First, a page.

If the DZ has a very short runway, loads may be limited to fewer people than the plane would normally carry, especially on a hot day. (Overloading the plane was considered a contributing factor in nine of the accidents in the NTSB report.)
When I was a brand-new jump pilot in a Cessna 182, I had five large skydivers try to all pile into the plane at once. They said they had done it that way in the past. The airplane had no modifications to accommodate a heavier load. It was intimidating to tell them, “No,” but I’m very glad that I did. On my first weekend flying there, I lost a cylinder and the engine was producing only partial power after takeoff. With four passengers, I barely maintained a 300 foot altitude, but was able to maneuver to and land safely on the runway. If an extra person was onboard and putting me over gross weight, my landing option would have been the swamp in front of me, and I probably would have been in the NTSB reports, too.
This topic is complicated, but ultimately, a good pilot knows that his main priority is to fly the airplane. That may sound painfully obvious, but when distractions start piling up, it’s important that a pilot is able to filter and prioritize. Maintaining control of the plane comes first and accomplishing other tasks such as chasing cutaways, chatting and doing the jumpers favors come last. It’s the pilot’s priority to keep the “dirty side down.” Support him and don’t argue when his choices veer to the safe side.
If you have questions or concerns about aircraft safety at your drop zone, USPA recommends speaking directly to your pilot and drop zone owner or manager. Concerns may also be addressed to your USPA Regional Director.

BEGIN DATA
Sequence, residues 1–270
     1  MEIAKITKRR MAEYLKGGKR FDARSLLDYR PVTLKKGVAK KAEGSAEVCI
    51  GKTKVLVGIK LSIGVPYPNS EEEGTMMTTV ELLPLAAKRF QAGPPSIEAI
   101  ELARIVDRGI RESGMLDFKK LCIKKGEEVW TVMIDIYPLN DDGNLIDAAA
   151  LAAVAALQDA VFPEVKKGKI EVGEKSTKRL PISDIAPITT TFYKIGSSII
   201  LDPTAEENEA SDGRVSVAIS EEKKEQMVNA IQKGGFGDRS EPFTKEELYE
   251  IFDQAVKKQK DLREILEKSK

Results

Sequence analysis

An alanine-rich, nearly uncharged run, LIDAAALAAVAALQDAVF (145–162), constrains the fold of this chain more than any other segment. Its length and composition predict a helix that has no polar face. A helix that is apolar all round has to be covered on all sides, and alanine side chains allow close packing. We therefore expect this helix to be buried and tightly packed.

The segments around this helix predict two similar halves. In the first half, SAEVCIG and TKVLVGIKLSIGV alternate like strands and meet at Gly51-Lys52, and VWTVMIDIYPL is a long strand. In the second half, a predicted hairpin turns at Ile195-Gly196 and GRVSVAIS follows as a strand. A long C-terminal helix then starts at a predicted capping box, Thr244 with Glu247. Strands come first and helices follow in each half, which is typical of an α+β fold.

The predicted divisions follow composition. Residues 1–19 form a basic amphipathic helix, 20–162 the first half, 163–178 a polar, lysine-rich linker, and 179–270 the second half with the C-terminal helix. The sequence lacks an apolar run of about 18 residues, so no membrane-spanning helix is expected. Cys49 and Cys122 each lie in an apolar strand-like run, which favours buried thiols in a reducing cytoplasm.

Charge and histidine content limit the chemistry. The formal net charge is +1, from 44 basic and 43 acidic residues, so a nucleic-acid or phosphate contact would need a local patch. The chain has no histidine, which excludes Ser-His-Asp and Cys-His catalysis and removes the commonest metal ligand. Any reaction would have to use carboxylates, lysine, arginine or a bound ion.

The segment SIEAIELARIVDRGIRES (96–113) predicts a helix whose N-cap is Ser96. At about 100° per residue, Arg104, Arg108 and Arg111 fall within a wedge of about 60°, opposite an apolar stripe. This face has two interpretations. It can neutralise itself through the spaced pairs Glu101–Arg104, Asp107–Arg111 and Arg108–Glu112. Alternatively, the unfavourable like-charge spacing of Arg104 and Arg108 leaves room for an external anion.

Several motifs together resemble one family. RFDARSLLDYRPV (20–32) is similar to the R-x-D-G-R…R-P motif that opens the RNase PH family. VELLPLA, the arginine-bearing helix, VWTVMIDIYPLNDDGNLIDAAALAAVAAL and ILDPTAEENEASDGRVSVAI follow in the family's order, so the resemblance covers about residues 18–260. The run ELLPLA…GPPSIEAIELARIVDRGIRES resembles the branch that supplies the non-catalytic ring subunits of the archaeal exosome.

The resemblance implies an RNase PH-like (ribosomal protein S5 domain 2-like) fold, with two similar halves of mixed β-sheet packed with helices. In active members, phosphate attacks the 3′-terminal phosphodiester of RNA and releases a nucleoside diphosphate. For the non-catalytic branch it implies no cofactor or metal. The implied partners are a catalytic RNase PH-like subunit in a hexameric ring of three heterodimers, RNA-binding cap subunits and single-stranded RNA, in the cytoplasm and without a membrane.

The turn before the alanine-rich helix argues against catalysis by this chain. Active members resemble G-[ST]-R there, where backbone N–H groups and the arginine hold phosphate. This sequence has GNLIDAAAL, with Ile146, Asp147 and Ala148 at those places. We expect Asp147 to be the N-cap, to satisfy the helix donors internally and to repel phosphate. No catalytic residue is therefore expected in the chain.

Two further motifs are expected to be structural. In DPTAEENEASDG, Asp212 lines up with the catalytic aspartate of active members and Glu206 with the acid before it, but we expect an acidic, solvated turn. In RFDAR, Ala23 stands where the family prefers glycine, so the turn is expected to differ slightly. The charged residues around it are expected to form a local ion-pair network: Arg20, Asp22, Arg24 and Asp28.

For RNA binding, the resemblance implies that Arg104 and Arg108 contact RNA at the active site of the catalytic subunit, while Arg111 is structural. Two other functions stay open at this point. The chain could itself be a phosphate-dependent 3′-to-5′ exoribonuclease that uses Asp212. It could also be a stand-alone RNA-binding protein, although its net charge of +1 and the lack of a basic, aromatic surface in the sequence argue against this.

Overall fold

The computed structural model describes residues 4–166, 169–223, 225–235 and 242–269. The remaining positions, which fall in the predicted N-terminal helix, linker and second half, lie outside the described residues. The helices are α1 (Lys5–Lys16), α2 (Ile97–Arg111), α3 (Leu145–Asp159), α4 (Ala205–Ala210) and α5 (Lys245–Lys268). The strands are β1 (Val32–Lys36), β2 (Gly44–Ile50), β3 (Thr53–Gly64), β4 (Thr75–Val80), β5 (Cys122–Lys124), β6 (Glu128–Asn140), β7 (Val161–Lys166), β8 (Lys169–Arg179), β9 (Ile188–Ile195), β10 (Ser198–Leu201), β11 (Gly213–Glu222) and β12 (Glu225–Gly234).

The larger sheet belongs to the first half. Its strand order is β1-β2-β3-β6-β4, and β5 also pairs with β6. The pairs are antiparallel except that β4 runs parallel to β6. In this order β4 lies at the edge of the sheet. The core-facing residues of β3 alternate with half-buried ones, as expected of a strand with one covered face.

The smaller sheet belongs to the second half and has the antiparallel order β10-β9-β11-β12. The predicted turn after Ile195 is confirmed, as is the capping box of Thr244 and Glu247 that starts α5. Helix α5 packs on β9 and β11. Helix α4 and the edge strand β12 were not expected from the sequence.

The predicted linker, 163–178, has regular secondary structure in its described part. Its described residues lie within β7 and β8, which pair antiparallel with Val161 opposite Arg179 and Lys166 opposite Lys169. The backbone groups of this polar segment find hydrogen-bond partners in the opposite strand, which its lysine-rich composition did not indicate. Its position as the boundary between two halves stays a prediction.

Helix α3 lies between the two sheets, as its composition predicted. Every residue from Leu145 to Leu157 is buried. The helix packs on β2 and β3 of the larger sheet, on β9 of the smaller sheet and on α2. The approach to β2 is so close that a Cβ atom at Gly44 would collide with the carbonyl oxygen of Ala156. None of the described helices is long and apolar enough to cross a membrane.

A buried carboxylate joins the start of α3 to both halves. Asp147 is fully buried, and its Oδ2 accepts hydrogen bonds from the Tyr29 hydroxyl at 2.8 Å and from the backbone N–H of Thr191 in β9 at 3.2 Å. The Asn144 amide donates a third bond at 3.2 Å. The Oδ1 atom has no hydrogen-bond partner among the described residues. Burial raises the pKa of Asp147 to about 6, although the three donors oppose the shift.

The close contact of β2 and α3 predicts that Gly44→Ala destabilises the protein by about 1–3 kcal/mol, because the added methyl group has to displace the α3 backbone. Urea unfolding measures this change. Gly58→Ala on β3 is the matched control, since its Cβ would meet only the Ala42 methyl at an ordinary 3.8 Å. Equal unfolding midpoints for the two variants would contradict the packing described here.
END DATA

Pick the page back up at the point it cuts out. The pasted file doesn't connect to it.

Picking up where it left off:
Photo by Scotty Burns
Ten Things a Good Pilot Should Never Do:
1. Fly without meeting the proper licensing, medical and currency requirements
2. Fly over max gross weight, particularly out of balance
3. Take off without everyone and everything secure
4. Fly with inadequate fuel
5. Attempt to fly in formation without thorough training and briefing with the other pilot(s)
6. Fly above the designated altitudes without oxygen
7. Fly a plane that is not properly maintained
8. Disregard other air traffic, not use radio communications and not announce a parachute drop
9. Exceed airframe limitations by diving the plane during the descent
10. Perform “buzz jobs”
About the Author
Cara Thompson, D-26381, has logged 2,000 jumps in the last 10 years. She is a videographer, AFF Instructor and freeflyer, but mostly loves big-ways. Thompson makes her living flying private jets and has also logged several thousand hours flying jumpers. She has an Airline Transport Pilot rating and is an Instrument and Multi-Engine Certified Flight Instructor.